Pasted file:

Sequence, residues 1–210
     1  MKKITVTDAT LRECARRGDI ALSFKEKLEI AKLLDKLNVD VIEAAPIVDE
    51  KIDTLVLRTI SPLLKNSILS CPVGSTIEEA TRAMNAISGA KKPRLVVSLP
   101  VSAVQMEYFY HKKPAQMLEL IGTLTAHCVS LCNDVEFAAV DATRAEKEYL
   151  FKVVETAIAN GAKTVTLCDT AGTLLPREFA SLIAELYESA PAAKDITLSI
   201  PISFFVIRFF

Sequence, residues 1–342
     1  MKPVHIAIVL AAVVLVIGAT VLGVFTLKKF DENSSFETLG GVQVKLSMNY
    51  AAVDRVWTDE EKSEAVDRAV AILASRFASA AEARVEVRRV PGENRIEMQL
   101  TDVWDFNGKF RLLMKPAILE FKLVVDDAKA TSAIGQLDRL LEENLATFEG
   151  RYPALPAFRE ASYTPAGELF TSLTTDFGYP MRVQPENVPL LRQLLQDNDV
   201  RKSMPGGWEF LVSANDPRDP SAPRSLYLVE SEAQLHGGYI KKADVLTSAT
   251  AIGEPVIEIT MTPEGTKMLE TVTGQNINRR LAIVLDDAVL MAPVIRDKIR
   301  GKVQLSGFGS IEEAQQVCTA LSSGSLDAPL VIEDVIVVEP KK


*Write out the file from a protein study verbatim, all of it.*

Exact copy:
Sequence, residues 1–210
     1  MKKITVTDAT LRECARRGDI ALSFKEKLEI AKLLDKLNVD VIEAAPIVDE
    51  KIDTLVLRTI SPLLKNSILS CPVGSTIEEA TRAMNAISGA KKPRLVVSLP
   101  VSAVQMEYFY HKKPAQMLEL IGTLTAHCVS LCNDVEFAAV DATRAEKEYL
   151  FKVVETAIAN GAKTVTLCDT AGTLLPREFA SLIAELYESA PAAKDITLSI
   201  PISFFVIRFF

Sequence, residues 1–342
     1  MKPVHIAIVL AAVVLVIGAT VLGVFTLKKF DENSSFETLG GVQVKLSMNY
    51  AAVDRVWTDE EKSEAVDRAV AILASRFASA AEARVEVRRV PGENRIEMQL
   101  TDVWDFNGKF RLLMKPAILE FKLVVDDAKA TSAIGQLDRL LEENLATFEG
   151  RYPALPAFRE ASYTPAGELF TSLTTDFGYP MRVQPENVPL LRQLLQDNDV
   201  RKSMPGGWEF LVSANDPRDP SAPRSLYLVE SEAQLHGGYI KKADVLTSAT
   251  AIGEPVIEIT MTPEGTKMLE TVTGQNINRR LAIVLDDAVL MAPVIRDKIR
   301  GKVQLSGFGS IEEAQQVCTA LSSGSLDAPL VIEDVIVVEP KK